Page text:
Empathy Lab Showcases Smart Technologies to Help Disabled Veterans
Posted in Uncategorized on July 31, 2018
What if a veteran’s home could detect and respond to symptoms of a PTSD-related event in everyday life? What if more elements of life were connected through emerging technology to make life for disabled veterans easier and more accessible? These are questions that employees at USAA recently tackled through a 24-hour “Hackathon,” submitting ideas and working on coding to make similar ideas prototyped a reality.
Showcased in its “Empathy Lab” at USAA headquarters in San Antonio, Texas, a home of the not-too-distant future is envisioned, featuring a wide array of smart devices and technologies designed to work together to improve the lives of veterans, especially those with adaptability and disability needs.
Empathy Lab Uses Smart Technologies to Help Disabled Veterans
For example, a veteran, just home from deployment, is at home on any given evening, preparing to watch a family-friendly movie with his child. However, as a preview is shown for a historical movie, war-related imagery is shown, triggering PTSD symptoms for the veteran.
His wearable smart device then registers the symptoms – an increase in heart rate, rapid breathing – and responds by activating appropriate responses throughout the house. The lights in the home are slightly raised and changed to a soothing color. The temperature is lowered and the screen of the television immediately changes to a calming beach scene. Finally, an emergency contact, pre-determined by the veteran, is dialed by a smart device. All this occurs within moments of the first signs of duress.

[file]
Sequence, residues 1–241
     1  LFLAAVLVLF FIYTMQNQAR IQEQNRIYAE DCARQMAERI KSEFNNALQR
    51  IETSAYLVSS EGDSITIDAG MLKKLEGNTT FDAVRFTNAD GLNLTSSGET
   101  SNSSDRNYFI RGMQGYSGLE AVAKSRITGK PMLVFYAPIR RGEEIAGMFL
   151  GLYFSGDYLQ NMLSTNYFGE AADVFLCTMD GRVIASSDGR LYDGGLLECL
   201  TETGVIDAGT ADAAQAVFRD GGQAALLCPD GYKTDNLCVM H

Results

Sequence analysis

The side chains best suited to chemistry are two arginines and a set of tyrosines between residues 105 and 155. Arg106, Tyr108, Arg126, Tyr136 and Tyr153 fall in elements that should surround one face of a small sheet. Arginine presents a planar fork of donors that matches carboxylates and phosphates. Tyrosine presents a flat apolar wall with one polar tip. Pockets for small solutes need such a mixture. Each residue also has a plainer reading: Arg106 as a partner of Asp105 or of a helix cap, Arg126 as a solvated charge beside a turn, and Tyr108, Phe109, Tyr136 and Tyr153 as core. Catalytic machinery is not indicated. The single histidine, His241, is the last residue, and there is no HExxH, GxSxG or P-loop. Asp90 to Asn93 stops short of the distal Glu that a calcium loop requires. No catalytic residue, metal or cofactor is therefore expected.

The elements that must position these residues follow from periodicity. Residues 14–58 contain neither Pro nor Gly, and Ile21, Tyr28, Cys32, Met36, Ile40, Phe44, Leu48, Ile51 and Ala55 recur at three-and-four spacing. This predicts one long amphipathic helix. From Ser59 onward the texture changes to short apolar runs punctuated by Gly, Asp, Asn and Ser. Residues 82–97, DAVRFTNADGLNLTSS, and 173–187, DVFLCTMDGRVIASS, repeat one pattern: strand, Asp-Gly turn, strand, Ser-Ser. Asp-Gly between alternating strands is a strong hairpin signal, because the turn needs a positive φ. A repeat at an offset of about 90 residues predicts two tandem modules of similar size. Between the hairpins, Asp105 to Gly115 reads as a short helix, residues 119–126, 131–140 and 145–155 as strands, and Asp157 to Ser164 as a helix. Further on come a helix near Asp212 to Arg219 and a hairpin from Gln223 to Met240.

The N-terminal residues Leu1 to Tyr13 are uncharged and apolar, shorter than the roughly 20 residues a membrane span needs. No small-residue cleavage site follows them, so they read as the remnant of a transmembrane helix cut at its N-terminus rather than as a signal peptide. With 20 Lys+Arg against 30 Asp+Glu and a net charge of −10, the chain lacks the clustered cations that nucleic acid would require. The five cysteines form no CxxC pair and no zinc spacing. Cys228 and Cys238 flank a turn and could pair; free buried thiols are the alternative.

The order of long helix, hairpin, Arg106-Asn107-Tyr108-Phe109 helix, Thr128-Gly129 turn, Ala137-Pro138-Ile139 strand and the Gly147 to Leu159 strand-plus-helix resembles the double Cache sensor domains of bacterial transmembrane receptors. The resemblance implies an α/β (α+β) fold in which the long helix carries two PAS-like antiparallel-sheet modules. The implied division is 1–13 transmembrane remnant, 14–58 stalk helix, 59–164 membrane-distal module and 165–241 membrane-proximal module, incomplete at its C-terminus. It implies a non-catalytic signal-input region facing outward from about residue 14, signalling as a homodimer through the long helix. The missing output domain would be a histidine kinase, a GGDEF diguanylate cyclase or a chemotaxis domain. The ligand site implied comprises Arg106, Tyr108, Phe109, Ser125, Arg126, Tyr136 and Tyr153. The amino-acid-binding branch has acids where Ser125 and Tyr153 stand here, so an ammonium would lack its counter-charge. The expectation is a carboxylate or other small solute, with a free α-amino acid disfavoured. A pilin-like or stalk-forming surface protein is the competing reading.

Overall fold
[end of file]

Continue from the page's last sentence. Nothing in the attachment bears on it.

This responsive scenario is one of the numerous smart solutions featured in USAA’s Empathy Lab, a 1,288-square-foot display space, centered around the apartment-like exhibit that gives the media, public and veterans a way to visualize what the future might hold for smarter homes. Other showcased concepts include a “smart mirror” that is not only wheelchair accessible but includes a digital overlay featuring a calendar, the weather and other daily information.
The Empathy Lab also features a look into some of the new technologies and tools being leveraged by USAA employees, for both training purposes and for responses to customer needs. An interactive map allows viewers to navigate an immersive view of the areas affected by Hurricane Harvey, both before and after the event. Drones, satellite maps and an augmented reality device using Microsoft’s HoloLenses – all used to help facilitate claims – round out the dozen or so technologies highlighted in the lab.
Along the wall of the Empathy Lab are more than 700 patents for technologies under development, many from employees outside of USAA Labs. Organizers, however, explain that as part of their Hackathon event, they saw more than 90% participation rates from USAA employees wanting to contribute ideas and technologies to help veterans. USAA hopes to continue development on these innovations to eventually bring them to market in the near future.
USAA provides banking, insurance, investment and retirement services to current service members, former military with an honorable discharge, cadets and midshipmen, military family members and widows and widowers. The company began in 1922 when 25 Army officers met in San Antonio and decided to insure each other's vehicles, Today the company serves millions of veterans and their families and is one of the only fully integrated financial services organizations in America.